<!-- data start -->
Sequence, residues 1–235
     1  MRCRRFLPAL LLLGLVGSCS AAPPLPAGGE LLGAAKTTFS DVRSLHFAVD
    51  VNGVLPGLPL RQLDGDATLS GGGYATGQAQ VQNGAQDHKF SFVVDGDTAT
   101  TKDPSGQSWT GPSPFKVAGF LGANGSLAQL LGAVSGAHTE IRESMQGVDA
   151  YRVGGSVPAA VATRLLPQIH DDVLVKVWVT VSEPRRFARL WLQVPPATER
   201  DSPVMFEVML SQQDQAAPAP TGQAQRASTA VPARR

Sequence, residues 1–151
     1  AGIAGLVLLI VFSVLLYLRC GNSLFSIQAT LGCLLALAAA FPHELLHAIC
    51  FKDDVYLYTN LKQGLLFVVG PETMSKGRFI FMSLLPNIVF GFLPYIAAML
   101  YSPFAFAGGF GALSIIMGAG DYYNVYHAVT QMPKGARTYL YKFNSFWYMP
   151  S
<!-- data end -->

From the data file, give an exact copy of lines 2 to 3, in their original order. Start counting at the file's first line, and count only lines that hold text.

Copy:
     1  MRCRRFLPAL LLLGLVGSCS AAPPLPAGGE LLGAAKTTFS DVRSLHFAVD
    51  VNGVLPGLPL RQLDGDATLS GGGYATGQAQ VQNGAQDHKF SFVVDGDTAT